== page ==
Thursday, June 15, 2017

Hope for Ishmael Genesis 21

I'm looking at story in Genesis 21:8-21 that makes me squirm. The story of Abraham, Hagar and Ishmael. There's so much meaning to this story for us in our world today because of who is included in this promises of God in this story.

Abraham was a man who trusted in a promise from God and headed towards a new home with his wife Sara. They were going to be the ancestors of a great nation. And after decades of waiting for a child Abraham chose a short-cut—have a child with another woman—a slave named Hagar.

The slave woman, Hagar, gave birth to a boy named Ishmael. Later on Abraham and his wife Sara had a child too, called Isaac. Sara's jealously reared up. She insisted Abraham get rid of that woman and her son. Abraham was distressed.
But God said to Abraham, “Do not be distressed because of the boy and because of your slave woman ... I will make a nation of him also, because he is your offspring.” Genesis 21:12-13 NRSV
Try to imagine this moment from the perspective of Abraham and Hagar. Abraham heard a promise from God and believed. He trusted that his boy Ishmael and his mother would be okay.

But when I try to imagine Hagar's point of view there's such fear and desperation. Old Abraham sent them away with a few provisions—but soon they were alone in the desert without water, food, or shelter besides the shade of a bush. It must have been awful. Hagar left the boy under one bush and went to huddle safe from the scorching sun in the shade of a bush just a bows shot—maybe 100 yards away. And there in desperation she cried out.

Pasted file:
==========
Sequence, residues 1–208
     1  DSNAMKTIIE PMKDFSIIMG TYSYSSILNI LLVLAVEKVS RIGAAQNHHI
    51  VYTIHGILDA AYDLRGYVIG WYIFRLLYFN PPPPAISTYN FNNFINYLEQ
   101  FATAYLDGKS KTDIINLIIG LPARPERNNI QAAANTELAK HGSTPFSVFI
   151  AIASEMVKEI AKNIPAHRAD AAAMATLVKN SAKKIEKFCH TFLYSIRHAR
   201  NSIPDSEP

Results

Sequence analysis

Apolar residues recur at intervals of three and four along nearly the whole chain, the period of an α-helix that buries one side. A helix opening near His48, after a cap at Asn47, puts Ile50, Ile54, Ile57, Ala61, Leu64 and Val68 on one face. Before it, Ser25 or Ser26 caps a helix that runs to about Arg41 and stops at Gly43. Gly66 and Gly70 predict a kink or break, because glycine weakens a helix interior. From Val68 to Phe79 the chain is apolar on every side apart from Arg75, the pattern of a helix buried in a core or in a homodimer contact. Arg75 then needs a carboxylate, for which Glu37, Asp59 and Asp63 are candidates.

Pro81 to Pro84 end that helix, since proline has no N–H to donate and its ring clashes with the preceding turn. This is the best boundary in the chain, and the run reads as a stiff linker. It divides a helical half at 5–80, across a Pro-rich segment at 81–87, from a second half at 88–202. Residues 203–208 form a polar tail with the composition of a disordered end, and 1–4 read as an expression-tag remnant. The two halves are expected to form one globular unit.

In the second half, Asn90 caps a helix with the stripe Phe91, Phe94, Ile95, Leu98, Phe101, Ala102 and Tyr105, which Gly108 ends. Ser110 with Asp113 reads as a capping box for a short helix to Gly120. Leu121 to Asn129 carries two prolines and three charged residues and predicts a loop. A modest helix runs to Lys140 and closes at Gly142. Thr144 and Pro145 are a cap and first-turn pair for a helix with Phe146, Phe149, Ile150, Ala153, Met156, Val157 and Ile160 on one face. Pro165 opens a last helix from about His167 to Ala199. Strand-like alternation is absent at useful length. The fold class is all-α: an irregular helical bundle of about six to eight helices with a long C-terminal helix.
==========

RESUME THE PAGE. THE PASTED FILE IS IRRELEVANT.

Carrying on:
“Do not let me look on the death of the child.” And as she sat opposite him, she lifted up her voice and wept. 17 And God heard the voice of the boy; and the angel of God called to Hagar from heaven. Genesis 21:16-17 NRSV
God spoke to Hagar's fear and opened her eyes to see a well full of water. They would not die alone.

God knows the troubles of every person. Here that we see the start of two great peoples who both claim to be descendants of Abraham—both the son's of Isaac and the son's of Ishmael call Abraham father.

So what does this mean to us today? We live in a word where Arab Christians claim to be descendants of Ishmael. We live in a world where Muslim's point back to Abraham and Ishmael as their ancestors too. And Christians and Jews point back to Abraham and Isaac as their ancestors in faith. And in this world full of division and hate here is a word of promise from God for both of Abraham's sons.

I think about this world today—with war in more places than I can count, fear of terrorism becoming part of everyday life in Europe and North America—and then I hear this promise from God for Ishmael that is just as valid as the promise for Isaac.
Peace and thanks for reading, John